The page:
There is a myriad of car-related Facebook pages, ranging in quality and content styles from the craziest bosozoku cars from the streets of Japan, to the classic Concours beauties from Pebble Beach. Facebook has become a constant stream of media for an impressively large number of people. As a sort of instant gratification, we find cars catered to us, based on the pages we’ve liked, popping up directly in our news-feeds alongside status updates that typically tell what our friends had on their sandwich for lunch or why they’re mad at a co-worker. If you’re like me, chances are you’ve become a fan of certain pages in order to support friends or those who are attempting to do something special.
These days, I don’t find myself spending all that much time in the realm of “FB”, typically only to update the STANCE|WORKS page or to make a post of my own from time to time… still sometimes I find myself scrolling through to see what the world around me is up to, and that’s when I saw a car that, for some reason or another, made me jump with excitement. It’s not every day that a 1980 Mazda 626 Sedan turns your head, let alone sends you on a hunt for the owner, however, Joseph Dale’s (creator of SouthrnFresh) example left me with a mission to ensure his car wound up on our website.
It’s quite apparent that Joseph’s Mazda isn’t sitting on top of wheels that out-shine the rest of the show, and it’s not pushing the limits of the obscure chassis either. He’s not packing an odd-ball power plant and he’s only making about 80 horse-power, so what gives? There’s no doubt that a portion of the STANCE|WORKS viewership will find themselves lost while reading this article. There’s little glamorous about this 30-year-old family hauler, but to me, and hopefully at least one other person out there, this car represents more than most.
There’s a potential chance that I’m crazy; that I’m about to write about an old Mazda, glorifying it to an audience that will read these words and think “well, Burroughs has lost it,” but I believe this car has serious potential. Not in the sense of “the right parts and the right style could take this car to the next level,” but rather it has the potential to teach people something that, in my eyes, is of immeasurable value.
The truth is, I haven’t been into the car scene all that long… not compared to our older brothers and fathers, and theirs as well. The market has changed a lot over the years; trends and styles come and go, keeping the automotive scene full of fresh air for each incoming generation. However, with each trend comes a loosely defined “parts list” of what it takes to build a car worthy of magazines, blogs, or attention in general. It’s a list that defines the parts which makes a “fit in” to the current trending style. What was once Veilside body kits and Apexi N1 exhausts has now become Stance coilovers and Work VS-XXs. The Honda Civic has been replaced by 350Zs and S2000s, all picking and choosing from the multiple-choice list of parts to participate in today’s “game”, so to speak.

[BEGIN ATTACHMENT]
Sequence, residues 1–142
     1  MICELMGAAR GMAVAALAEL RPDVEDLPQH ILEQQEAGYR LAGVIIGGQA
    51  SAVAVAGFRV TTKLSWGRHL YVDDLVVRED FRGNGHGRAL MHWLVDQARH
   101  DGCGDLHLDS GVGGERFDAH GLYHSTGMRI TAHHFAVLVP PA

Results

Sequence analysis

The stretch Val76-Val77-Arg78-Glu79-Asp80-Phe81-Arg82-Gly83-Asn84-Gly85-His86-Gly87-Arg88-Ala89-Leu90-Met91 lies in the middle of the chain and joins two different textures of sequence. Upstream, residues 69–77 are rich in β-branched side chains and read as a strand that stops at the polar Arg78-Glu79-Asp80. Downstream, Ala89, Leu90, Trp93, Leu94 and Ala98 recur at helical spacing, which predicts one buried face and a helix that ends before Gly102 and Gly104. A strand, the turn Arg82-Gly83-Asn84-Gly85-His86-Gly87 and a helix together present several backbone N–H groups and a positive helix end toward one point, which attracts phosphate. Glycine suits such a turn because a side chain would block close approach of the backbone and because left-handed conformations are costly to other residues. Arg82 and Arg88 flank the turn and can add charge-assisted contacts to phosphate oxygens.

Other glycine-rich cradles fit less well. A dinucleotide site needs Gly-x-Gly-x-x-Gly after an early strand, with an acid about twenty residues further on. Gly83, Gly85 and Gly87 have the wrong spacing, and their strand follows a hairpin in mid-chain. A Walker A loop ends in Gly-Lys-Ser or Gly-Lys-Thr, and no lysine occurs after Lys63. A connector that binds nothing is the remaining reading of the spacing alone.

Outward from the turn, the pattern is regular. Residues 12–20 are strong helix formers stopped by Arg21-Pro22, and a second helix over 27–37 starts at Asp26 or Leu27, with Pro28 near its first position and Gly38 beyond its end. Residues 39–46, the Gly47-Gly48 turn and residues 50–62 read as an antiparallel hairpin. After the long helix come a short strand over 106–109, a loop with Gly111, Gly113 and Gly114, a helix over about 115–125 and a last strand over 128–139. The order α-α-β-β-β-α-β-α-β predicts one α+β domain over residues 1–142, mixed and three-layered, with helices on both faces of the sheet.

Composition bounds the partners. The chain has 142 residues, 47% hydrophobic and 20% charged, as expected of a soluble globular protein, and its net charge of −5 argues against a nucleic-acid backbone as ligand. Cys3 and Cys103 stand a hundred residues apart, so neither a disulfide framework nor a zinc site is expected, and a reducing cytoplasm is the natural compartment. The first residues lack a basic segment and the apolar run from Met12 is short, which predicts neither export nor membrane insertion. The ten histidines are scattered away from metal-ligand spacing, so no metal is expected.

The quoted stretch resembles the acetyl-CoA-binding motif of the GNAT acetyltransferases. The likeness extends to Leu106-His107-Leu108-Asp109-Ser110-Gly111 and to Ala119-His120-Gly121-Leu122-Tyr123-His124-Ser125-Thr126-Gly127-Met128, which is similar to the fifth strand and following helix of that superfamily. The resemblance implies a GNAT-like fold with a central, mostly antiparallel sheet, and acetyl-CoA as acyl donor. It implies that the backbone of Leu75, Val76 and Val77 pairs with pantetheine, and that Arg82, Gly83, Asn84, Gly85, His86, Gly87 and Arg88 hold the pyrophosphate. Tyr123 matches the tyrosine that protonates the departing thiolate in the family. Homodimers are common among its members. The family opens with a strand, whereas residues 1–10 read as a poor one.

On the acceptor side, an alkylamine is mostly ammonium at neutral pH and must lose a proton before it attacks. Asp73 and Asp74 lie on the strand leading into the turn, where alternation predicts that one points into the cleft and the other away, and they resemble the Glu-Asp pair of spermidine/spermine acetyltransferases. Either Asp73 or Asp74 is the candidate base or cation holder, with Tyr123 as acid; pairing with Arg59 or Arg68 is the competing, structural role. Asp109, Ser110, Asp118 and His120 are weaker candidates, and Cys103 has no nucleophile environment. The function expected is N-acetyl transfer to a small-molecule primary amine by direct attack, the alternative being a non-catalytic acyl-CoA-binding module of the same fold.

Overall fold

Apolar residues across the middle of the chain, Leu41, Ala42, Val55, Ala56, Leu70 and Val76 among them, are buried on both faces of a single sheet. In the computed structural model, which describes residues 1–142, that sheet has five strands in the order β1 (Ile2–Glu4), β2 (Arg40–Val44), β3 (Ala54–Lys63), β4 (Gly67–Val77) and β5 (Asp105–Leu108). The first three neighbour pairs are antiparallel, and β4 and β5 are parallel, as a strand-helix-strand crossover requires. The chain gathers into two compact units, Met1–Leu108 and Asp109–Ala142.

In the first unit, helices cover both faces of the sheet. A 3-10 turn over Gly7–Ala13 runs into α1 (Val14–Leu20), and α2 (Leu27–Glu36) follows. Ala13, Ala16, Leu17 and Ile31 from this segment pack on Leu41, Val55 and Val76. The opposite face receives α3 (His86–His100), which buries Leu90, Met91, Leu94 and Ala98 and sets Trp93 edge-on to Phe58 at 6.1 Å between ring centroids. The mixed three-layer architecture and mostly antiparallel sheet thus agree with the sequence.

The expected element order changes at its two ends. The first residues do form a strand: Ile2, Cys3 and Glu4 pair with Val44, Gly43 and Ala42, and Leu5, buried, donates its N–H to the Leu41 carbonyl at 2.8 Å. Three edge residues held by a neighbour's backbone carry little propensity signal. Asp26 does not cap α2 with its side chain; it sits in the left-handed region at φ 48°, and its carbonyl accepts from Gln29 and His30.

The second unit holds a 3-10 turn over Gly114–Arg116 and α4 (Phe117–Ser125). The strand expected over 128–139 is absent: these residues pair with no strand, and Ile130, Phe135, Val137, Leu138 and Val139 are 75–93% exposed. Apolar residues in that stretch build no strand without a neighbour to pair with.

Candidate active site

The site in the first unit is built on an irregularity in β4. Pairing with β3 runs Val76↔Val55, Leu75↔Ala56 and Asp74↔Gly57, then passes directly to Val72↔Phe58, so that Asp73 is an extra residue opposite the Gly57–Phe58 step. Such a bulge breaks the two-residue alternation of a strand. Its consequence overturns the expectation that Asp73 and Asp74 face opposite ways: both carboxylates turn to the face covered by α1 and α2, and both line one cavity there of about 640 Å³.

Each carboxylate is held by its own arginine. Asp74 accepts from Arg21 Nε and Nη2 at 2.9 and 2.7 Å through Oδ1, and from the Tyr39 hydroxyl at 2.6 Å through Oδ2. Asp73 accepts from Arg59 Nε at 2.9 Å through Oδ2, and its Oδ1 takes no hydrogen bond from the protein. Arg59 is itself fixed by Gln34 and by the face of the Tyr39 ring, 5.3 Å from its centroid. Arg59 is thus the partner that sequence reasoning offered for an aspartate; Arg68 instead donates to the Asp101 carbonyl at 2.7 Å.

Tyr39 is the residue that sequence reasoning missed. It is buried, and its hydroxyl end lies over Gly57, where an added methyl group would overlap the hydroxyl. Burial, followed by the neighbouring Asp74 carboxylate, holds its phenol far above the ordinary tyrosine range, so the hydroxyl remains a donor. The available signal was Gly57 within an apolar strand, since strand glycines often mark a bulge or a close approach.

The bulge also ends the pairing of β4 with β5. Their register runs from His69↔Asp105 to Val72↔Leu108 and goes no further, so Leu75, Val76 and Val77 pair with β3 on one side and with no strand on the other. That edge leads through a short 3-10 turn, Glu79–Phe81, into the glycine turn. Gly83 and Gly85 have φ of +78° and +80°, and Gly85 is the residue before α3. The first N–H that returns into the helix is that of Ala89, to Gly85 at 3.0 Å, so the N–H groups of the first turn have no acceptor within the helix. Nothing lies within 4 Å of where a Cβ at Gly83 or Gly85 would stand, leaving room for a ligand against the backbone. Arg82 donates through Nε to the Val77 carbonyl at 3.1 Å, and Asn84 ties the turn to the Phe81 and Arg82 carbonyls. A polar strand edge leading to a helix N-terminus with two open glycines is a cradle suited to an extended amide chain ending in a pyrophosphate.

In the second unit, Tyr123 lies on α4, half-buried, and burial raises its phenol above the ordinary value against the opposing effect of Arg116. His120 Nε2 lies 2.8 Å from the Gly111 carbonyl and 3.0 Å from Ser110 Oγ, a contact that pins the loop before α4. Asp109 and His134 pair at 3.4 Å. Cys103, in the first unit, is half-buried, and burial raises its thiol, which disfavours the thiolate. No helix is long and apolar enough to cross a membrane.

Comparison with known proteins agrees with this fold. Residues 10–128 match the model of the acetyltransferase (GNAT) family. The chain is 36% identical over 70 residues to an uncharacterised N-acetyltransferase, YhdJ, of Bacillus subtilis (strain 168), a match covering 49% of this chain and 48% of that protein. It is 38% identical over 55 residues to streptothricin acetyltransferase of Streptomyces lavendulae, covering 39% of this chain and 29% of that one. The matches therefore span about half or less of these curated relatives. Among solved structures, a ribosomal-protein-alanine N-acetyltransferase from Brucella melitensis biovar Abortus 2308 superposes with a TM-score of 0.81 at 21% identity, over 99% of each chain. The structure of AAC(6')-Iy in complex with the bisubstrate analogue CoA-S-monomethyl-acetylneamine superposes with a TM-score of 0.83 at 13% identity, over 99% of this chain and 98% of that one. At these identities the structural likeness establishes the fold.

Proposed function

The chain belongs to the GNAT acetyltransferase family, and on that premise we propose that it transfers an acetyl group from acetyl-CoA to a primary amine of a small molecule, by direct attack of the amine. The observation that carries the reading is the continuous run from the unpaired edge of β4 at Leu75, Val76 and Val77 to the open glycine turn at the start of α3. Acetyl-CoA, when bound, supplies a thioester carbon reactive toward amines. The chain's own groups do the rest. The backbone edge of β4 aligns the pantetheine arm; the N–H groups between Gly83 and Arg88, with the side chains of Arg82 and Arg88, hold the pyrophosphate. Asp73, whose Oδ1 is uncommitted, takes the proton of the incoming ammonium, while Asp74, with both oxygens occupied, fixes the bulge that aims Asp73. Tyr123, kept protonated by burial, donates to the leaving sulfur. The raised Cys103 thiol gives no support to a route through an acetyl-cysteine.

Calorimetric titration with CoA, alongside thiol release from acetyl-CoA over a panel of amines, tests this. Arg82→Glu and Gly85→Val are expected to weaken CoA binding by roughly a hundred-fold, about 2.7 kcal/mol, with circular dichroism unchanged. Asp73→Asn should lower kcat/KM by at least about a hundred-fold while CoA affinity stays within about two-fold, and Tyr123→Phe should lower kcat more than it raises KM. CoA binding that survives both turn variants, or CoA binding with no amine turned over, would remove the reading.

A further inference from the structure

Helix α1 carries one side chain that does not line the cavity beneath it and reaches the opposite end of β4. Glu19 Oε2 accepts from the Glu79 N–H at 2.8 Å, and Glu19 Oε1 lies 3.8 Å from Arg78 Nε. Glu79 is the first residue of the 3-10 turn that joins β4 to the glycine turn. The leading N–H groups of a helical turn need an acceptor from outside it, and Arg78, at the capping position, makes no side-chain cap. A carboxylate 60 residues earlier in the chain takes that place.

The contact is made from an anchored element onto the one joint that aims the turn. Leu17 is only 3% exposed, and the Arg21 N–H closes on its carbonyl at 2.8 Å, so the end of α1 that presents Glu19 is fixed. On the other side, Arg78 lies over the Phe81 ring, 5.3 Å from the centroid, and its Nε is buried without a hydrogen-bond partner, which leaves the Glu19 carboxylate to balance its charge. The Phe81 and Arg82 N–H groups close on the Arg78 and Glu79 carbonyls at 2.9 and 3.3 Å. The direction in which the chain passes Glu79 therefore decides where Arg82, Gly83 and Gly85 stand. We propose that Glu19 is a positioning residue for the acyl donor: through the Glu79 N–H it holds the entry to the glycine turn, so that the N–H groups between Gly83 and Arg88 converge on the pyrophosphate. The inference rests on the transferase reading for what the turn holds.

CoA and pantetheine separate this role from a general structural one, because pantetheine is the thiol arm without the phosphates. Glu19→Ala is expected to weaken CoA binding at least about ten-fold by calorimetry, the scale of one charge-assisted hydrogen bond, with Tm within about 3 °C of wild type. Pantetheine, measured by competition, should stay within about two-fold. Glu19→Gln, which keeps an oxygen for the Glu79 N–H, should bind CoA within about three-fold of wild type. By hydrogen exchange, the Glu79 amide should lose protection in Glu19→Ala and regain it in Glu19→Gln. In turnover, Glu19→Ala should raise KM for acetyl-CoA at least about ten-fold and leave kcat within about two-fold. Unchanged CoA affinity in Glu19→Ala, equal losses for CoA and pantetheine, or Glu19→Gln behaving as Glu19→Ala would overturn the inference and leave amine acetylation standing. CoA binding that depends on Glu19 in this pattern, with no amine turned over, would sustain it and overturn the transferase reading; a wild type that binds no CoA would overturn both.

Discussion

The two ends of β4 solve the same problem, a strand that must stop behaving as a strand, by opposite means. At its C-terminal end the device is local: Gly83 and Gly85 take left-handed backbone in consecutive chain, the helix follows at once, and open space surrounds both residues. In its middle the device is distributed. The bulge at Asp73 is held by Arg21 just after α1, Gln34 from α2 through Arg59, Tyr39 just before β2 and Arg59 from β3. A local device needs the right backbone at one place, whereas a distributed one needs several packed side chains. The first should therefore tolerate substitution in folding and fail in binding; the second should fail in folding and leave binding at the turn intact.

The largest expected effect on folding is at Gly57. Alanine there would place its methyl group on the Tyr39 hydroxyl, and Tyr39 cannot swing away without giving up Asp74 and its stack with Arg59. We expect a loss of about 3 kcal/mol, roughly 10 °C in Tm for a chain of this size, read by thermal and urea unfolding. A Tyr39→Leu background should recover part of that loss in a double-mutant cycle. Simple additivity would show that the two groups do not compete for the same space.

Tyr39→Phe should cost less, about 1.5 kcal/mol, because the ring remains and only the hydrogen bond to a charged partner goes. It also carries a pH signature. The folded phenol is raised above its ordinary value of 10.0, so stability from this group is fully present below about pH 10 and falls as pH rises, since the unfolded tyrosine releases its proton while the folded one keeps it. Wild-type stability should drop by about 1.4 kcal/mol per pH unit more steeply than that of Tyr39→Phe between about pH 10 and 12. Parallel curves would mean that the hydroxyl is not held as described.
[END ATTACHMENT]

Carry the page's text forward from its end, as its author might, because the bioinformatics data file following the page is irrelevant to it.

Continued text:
Don’t get me wrong, cars like that are important. They help define current trends and set the benchmark for other to aspire to and surpass. They have made the scene what it is today and have driven forward the automotive aftermarket as we know it. These cars have found a home here on this very page, and we know they’re worth sharing… yet Joseph’s car can do more. At least, that’s what I believe.
What Joseph and his CB chassis bring to the table is this: A “parts list” never has and never will be needed to build something worthwhile. We’ve made note of cars and their owners that have taken the path less travelled on more than one occasion. Recently was Jesse Ortiz and his Celica Coupe, an article that explained our appreciation for someone who built a car with little following and even less aftermarket support. Much of the respect for Jesse’s car came from the fact that he didn’t let the lack of off-the-shelf parts and the “support of his peers” (i.e. a following based around the A60 chassis) interfere with the build in front of him. As you may expect me to say, of course I think Joseph’s car takes it just a step further.
On paper, Joseph’s car doesn’t cut it. A mis-matched set of Epsilon and Dyna Lite wheels are the only noticeable modification from the outside, their crossweave patterns similar at first glance yet visibly different on the second. His suspension upgrades consist of little more than RX7 shock absorbers, and both his interior and engine bay are entirely stock. His ride height is entirely daily-able and his wheel and tire sizing is far from “aggressive”. And so I ask you: “What makes it cool?” I hope the answer is just as clear to you as it is to me.
Maybe you’ve known all along, and for that I salute you, but if you’re still questioning what lies before you, the lesson at hand is this: It’s not about the wheels you have, nor the suspension you’ve bought or built. It’s not about how shiny your paint is nor what the stickers on your rear window say. It’s not about the cliche gimmicks and half-assed attempts at completing projects. It’s not about your budget or your sponsors. It’s not about your fitment, your offset, or the car you drive. This is STANCE|WORKS, and it’s about the enthusiasm and heart that goes in to the car you build and what you make of it